Why Map Competencies?

From its evolution, competency mapping has been given due importance and has become the need of the hour in different organizations. When companies have cut-throat competition in the market, it is the competencies of the employees that come to the rescue and help the companies to create a differentiator.

Competencies are the underlying characteristics of the employee and a combination of their skills, knowledge, attitudes and other behaviors. When a competency mapping framework is chosen, it identifies the degree of fit of the employee to the job role and the organization. Such a measure helps to gauge the level of performance that may be expected. The greater the fit, the better the performance expected from the individual. And the higher the contribution from each job role, higher is the company’s productivity. It all holds a directly proportional relationship with one another.

Studies conducted in this domain have highlighted the importance of competency mapping especially in recruitment and selection.

For instance, a study conducted by Chandekar and Khatod in 2015 highlighted that by mapping the competencies of the top performers in a job role, a competency report may be created. This can serve as a role directory that would help in the selection process of new employees for that role. If the role directory includes leadership and effective communication as the important competencies for the job role, the selection process would be looking for these competencies in the potential candidates. Such a report would also form a basis of performance appraisal. The report would also establish expectations for performance excellence and help employees align their behaviors according to those expectations.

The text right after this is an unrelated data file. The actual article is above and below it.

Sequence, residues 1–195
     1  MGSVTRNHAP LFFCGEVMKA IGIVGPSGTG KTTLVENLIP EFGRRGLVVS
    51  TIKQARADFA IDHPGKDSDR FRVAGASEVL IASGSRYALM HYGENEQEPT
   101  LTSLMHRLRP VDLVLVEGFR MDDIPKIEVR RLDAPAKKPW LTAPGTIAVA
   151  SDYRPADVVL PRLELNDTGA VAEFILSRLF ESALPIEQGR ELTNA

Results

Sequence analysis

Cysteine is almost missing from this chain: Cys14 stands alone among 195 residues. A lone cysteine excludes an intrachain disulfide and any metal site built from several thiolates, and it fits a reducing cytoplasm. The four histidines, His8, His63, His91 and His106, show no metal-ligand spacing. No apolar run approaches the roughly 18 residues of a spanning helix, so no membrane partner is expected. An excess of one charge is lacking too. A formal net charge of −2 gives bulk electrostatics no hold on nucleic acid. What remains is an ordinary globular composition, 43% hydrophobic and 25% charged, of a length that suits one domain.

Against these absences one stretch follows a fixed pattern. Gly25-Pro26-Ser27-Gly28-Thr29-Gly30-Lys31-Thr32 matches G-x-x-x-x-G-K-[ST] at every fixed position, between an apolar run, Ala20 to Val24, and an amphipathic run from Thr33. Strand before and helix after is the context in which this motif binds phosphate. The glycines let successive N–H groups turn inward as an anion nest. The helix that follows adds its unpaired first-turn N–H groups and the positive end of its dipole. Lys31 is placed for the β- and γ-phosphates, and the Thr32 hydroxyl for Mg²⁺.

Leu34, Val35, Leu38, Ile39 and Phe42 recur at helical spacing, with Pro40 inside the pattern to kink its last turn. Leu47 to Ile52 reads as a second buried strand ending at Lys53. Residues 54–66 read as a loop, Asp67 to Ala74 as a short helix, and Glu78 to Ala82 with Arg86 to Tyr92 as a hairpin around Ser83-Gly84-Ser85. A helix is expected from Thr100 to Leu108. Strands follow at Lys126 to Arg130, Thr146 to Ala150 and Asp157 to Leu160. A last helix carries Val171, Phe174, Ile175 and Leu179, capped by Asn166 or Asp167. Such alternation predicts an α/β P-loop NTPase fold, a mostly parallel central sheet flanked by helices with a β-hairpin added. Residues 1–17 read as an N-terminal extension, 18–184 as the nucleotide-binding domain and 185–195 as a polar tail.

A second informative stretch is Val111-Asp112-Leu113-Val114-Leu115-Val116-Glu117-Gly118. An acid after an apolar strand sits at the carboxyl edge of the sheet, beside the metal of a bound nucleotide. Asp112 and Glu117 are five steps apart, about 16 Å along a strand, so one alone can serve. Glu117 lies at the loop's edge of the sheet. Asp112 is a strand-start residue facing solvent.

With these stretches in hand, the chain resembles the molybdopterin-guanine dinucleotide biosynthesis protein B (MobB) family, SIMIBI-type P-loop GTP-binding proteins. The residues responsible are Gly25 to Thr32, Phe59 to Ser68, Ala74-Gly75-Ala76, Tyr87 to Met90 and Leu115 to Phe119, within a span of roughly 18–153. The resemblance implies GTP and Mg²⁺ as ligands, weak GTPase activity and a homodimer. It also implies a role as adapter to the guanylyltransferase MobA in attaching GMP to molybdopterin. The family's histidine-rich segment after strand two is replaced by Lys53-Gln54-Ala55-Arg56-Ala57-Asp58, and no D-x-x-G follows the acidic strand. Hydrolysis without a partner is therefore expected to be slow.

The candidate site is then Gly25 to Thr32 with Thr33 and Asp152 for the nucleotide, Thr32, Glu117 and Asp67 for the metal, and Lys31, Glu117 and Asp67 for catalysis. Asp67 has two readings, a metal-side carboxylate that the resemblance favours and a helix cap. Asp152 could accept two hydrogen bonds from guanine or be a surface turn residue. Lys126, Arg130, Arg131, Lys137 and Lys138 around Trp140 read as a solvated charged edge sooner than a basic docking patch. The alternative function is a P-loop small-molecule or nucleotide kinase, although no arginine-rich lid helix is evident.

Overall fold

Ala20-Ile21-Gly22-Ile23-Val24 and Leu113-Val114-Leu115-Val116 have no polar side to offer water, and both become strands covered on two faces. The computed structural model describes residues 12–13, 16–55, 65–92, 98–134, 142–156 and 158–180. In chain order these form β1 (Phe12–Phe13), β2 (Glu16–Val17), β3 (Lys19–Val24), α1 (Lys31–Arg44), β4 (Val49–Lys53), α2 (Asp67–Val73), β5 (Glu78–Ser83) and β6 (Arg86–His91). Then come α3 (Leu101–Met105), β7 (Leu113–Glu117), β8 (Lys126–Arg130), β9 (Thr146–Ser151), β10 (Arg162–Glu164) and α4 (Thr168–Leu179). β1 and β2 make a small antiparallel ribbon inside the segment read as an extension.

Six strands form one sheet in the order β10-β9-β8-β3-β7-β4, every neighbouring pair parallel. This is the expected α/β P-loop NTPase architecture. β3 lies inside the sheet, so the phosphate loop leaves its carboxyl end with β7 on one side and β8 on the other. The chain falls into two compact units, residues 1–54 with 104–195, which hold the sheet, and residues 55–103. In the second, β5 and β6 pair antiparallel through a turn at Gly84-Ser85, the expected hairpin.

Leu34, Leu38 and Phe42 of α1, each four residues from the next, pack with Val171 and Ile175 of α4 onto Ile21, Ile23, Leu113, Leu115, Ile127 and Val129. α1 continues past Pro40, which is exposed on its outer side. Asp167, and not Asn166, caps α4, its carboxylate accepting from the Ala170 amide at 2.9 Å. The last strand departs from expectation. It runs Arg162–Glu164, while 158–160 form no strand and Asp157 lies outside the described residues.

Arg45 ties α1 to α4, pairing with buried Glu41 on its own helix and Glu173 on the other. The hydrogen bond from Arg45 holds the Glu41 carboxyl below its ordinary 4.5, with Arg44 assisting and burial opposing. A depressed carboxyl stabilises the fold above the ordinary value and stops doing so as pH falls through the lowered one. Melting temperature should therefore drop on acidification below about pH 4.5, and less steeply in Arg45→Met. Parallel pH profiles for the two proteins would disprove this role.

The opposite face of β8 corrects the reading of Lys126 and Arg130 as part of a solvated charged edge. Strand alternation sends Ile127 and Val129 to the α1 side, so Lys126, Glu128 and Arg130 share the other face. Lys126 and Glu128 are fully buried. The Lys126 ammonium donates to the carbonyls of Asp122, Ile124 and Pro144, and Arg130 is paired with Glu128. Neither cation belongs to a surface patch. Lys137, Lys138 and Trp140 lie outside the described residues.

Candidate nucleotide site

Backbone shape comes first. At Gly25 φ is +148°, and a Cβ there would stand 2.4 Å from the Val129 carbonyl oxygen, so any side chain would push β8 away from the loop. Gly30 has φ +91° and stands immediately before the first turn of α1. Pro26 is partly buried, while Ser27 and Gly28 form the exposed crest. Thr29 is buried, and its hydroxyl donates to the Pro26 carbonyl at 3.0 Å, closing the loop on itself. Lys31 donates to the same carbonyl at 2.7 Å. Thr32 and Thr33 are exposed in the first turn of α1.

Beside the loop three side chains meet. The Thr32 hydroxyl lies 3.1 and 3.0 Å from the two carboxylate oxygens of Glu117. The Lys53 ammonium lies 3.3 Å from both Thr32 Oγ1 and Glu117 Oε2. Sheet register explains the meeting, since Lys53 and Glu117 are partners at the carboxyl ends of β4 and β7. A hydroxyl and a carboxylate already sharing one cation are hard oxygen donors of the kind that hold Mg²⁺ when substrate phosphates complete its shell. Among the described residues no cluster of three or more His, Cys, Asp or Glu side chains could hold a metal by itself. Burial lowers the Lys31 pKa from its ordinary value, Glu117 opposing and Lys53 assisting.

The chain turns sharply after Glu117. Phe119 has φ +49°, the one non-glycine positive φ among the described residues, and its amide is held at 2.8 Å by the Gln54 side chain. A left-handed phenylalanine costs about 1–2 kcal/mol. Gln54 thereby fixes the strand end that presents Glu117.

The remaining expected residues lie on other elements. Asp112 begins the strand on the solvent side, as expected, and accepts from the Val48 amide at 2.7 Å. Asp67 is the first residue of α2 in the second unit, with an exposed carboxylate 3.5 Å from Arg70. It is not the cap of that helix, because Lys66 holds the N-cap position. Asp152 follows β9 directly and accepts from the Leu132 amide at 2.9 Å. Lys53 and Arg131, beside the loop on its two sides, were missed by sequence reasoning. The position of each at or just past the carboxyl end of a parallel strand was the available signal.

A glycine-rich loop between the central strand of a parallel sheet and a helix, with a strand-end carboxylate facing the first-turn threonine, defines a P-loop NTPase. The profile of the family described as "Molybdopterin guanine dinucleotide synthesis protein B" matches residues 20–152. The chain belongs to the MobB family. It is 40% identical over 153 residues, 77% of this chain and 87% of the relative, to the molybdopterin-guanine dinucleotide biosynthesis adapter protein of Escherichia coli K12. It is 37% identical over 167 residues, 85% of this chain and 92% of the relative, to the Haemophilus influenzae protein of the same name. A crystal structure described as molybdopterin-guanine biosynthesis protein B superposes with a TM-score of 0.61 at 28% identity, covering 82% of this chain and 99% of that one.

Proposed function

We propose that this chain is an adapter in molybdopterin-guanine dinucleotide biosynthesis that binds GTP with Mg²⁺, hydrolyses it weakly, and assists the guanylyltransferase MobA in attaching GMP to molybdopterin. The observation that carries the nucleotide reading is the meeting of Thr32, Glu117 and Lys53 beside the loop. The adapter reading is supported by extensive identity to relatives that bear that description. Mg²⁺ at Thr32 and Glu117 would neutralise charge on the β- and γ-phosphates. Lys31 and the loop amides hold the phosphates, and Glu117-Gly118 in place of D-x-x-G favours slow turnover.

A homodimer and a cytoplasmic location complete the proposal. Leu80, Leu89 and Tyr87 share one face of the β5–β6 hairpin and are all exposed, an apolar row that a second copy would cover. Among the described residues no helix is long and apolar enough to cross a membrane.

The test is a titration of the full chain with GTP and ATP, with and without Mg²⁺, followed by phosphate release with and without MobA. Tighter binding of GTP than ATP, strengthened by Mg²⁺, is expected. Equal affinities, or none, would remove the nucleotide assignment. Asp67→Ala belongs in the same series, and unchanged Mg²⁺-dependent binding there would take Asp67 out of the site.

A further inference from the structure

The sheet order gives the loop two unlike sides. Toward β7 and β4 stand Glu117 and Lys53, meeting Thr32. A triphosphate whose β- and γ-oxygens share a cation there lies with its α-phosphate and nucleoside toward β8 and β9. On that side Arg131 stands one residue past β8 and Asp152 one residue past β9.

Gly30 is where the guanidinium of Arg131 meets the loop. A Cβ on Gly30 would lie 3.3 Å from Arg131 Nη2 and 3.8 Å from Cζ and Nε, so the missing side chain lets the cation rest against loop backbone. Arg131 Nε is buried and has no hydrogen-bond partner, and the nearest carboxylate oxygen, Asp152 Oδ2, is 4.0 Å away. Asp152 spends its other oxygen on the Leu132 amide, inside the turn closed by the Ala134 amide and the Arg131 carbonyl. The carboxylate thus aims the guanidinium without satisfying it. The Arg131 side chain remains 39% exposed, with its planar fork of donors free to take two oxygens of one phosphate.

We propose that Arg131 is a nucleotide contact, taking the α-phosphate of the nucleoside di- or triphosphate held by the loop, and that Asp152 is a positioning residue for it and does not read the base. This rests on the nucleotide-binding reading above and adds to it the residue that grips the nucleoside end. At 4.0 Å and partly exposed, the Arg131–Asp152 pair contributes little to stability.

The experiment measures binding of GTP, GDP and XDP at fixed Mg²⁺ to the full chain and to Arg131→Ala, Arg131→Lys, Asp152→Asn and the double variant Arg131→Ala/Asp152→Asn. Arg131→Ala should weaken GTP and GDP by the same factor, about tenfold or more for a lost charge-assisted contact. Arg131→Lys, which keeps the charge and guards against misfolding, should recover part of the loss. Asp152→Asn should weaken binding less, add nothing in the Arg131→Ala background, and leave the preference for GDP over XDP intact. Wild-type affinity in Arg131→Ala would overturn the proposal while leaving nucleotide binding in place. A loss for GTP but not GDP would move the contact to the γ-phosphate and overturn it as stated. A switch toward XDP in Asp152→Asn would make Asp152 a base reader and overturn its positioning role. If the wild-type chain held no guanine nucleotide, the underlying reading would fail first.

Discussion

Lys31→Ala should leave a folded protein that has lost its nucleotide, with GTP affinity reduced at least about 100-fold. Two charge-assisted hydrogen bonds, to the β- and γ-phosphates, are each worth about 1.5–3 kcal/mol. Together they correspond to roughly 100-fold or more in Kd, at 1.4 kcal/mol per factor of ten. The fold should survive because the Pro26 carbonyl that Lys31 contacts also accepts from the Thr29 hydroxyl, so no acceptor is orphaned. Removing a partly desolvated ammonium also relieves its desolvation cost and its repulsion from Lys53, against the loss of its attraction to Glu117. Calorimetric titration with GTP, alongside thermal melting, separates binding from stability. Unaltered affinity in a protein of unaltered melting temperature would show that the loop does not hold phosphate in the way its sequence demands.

Similarly, competency mapping has been found to be useful for other human resource processes as well. talent induction, management development, appraisals and training are the key processes in which competency mapping has shown desirable results (Velayudhan & Maran, 2009).

Competency mapping has also been found to be beneficial in gap analysis and designing interventions to bridge that gap. Competency mapping highlights the gap between what is the expected level of competency required for the role and the actual level of competency present in the employee. Based on this gap analysis, training interventions and programs can be designed to help the employees enhance their level of competency. When training modules are designed based on gap analysis reports, it makes the training more cost-effective, goal-oriented and productive. However, the usual trend in the market is to provide training without any need analysis just to meet the yearly goals. This does not serve the purpose of the organization and is therefore, inefficient.

Gap analysis also helps in internal mobility which is a dynamic process for moving talent from one role to another, at leadership, professional and operational levels. That is, if an employee’s competency is not matching a particular job role he or she was assigned earlier, the employee may be promoted or shifted to another job role or department altogether which makes optimum use of the employee’s existing competency. This would reduce the probability of wasting talent and also decrease turnover.

A major contribution of competency mapping is in increasing the self-awareness of the employees. The employees from their respective competency mapping report gain an insight about their existing strengths and weaknesses. They can eventually direct their energy towards either using those strengths or developing and converting their weakness to strengths by acquiring training. By knowing one’s competency, one can ascertain where career development efforts need to be maximum (Yuvaraj, 2011). Therefore, the competency mapping framework may be used for career management and directing career paths.

By combining what has been discussed, we get a comprehensive understanding on why organizations should map competencies. Competency mapping has several benefits and for this reason is becoming more and more popular among organizations. All these benefits direct towards developing a Human Resource Information System (HRIS) that may help in monitoring manpower planning, recruitment, identification of training needs and other HRD interventions. A competency-based HR system can give way to newer developments and success.